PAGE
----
Successful drilling results in the Eagle Ford Shale of South Texas led ConocoPhillips to increase its spending in the play through the rest of the year, the Houston-based major said Wednesday.

As many as 12 rigs could be running in the shale play by the end of the year, which would be double the current number of rigs, CEO Jim Mulva told investors during a conference call. ConocoPhillips has drilled 13 wells in the play to date and given the "encouraging results," it plans to up its capital spending for the full year to $450 million.

The producer's initial production rates in the Eagle Ford are ranging between 1,500 boe/d and 2,500 boe/d. The "best well" so far produced at a rate of 6 MMcf/d in gas and 1,600 boe/d in oil. Onshore in the oil-heavy Williston Basin, ConocoPhillips now is producing around 30,000 b/d in the Bakken Shale. More spending also is slated for the Permian Basin.

The "sources of growth in North America include the Eagle Ford, Permian and Bakken, and then up into the Horn River and Montney...those are probably longer, beyond the 2011 timeframe," said Mulva.

ConocoPhillips last year announced plans to sell around $10 billion of its worldwide assets, including 10% of its North American portfolio (see Daily GPI, Oct. 29, 2009). On Wednesday it agreed to sell all of its near-20% stake in Russia's LUKOIL by the end of 2011 to enhance company returns. The proceeds primarily would be used to repurchase company shares, said Mulva.

ConocoPhillips also has several of its North America assets for sale, including its 25% stake in the Rockies Express Pipeline (REX) (see Daily GPI, Nov. 18, 2009). The company now has a data room open for REX and some other properties; news on anticipated sales should be ongoing through this year, said the CEO.

Mulva spent part of the conference call blasting the U.S. government for the deepwater drilling moratorium in the Gulf of Mexico (GOM). Only around 1% of ConocoPhillips' current output comes from the GOM deepwater and the latest quarter's results were not "significantly" impacted by the drilling moratorium, but it's time "to get this industry back to work," he said.

"We are ready to work, we have to do this...If we don't, drilling rigs and people will start to leave the Gulf permanently or for one or two years. When we look at the Gulf of Mexico, we know the resources are there...we need to develop our indigenous puts people to work, and employment leads to returns..."

However, ConocoPhillips and other producers have "got to know what the risk rewards are more quickly than we've seen so far," said the CEO. "For our company, for the past several years, before the Deepwater Horizon incident, we were underrepresented in the Gulf. Now we want to have more of a position and we've been picking up acreage pretty aggressively and farming in" with other producers.

The company, together with ExxonMobil Corp. and Royal Dutch Shell plc, is helping to build and deploy a rapid response system to improve the industry's capability to contain potential underwater well blowouts in the deepwater GOM (see Daily GPI, July 23).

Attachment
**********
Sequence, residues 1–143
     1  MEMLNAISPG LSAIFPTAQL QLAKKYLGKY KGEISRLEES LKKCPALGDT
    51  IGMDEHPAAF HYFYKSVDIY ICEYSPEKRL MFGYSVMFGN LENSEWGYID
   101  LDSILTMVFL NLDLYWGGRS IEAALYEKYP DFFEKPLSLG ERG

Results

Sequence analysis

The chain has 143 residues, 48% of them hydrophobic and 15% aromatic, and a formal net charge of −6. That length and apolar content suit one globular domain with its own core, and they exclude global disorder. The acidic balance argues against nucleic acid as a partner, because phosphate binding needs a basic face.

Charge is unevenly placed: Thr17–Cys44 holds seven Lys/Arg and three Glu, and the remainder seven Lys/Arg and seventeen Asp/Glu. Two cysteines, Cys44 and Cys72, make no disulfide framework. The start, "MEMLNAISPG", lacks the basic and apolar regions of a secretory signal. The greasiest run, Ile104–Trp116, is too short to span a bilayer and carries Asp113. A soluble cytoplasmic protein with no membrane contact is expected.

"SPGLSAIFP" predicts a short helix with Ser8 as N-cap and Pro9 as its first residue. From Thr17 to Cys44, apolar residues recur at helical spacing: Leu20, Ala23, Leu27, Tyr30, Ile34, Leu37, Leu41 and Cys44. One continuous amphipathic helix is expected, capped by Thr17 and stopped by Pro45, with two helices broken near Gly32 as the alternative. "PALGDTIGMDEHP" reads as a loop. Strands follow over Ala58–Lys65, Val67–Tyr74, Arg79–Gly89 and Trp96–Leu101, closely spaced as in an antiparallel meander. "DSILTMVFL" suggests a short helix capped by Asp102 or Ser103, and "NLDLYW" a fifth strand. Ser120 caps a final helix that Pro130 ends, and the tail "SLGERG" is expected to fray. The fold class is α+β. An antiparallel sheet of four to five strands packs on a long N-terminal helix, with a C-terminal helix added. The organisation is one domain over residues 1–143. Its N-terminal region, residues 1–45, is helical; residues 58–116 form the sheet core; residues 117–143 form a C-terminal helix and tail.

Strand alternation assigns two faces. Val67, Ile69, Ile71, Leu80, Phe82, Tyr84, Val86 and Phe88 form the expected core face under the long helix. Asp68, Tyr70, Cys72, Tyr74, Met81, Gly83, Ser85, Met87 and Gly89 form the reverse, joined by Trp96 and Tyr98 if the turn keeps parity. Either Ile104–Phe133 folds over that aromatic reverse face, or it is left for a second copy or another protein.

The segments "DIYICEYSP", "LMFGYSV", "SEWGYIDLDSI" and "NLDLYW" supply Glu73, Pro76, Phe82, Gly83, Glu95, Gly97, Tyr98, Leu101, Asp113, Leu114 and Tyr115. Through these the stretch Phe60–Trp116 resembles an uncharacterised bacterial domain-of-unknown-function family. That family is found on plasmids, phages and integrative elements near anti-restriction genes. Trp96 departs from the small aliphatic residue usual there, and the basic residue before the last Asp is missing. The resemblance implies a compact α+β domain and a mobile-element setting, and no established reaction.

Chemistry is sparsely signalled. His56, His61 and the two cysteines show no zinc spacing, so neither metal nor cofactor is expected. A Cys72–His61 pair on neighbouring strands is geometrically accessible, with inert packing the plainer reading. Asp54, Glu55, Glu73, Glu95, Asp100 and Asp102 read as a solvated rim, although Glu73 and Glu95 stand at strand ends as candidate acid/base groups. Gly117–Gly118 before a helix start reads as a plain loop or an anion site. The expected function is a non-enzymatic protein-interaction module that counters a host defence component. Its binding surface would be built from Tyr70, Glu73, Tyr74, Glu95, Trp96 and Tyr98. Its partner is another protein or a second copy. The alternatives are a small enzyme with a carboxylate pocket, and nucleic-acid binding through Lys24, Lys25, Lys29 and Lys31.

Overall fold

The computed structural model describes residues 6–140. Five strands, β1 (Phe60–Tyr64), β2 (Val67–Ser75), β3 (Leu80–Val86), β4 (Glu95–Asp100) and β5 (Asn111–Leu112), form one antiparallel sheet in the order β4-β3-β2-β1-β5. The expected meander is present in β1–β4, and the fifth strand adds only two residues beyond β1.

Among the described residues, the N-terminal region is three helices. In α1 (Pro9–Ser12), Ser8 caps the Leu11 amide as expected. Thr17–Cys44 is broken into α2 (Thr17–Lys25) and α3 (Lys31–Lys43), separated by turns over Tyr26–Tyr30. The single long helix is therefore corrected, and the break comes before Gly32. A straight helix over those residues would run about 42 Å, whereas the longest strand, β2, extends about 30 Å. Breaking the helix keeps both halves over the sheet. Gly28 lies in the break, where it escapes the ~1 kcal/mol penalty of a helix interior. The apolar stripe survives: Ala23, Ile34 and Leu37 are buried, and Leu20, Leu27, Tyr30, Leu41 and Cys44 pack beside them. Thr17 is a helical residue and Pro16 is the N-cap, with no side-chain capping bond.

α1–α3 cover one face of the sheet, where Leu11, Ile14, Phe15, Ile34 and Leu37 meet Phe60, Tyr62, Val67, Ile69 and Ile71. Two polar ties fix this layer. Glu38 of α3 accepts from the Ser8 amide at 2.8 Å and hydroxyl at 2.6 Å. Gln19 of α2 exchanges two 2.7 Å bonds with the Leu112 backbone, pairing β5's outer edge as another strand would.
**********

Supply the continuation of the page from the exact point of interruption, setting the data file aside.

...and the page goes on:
"With the Deepwater Horizon incident, we don't think that's to our advantage, but it may not be to our disadvantage," said Mulva. "We have the capability, the technology, the experience...If we wanted to be opportunistic, we are the right type of company to do this."

If smaller producers want to stop exploring in the deepwater, "we want to do more in the Gulf of Mexico," said Mulva. "But we won't do more unless we know what the risk rewards are going to be."

Quarterly profits jumped from a year ago to $4.2 billion from $900 million, with most of the gains coming from asset sales. Excluding the $1.7 billion net benefit in the quarter, adjusted earnings in 2Q2010 were $2.5 billion ($1.67/share) versus $1 billion (66 cents) a year ago.

"We had a solid quarter, with strong earnings and meaningful progress in executing our plans to create value," said Mulva. The exploration and production (E&P) unit "delivered production volumes and costs in line with expectations, while our R&M [refining and marketing] business benefited from improved global refining and marketing margins and higher U.S. refining capacity utilization rates."

The E&P segment produced 1.73 million boe/d in the latest quarter, down from 1.87 million boe/d in 2Q2009. Around 140,000 boe/d of the decline was from normal field decline, primarily in North America, the United Kingdom and Norway. New production of 75,000 boe/d in Canada and overseas partially offset these decreases.

In the latest quarter the company generated $3.5 billion in cash from operations and $5.8 billion in cash proceeds from asset dispositions, which was used to pay $2.7 billion of debt, fund a $2.2 billion capital program, repurchase $400 million of common stock and pay $800 million in dividends. The company had a cash balance of $4.1 billion at the end of the quarter, most of which will be used to pay down debt. At the end of June debt was $26.3 billion and the debt-to-capital ratio was 28%.

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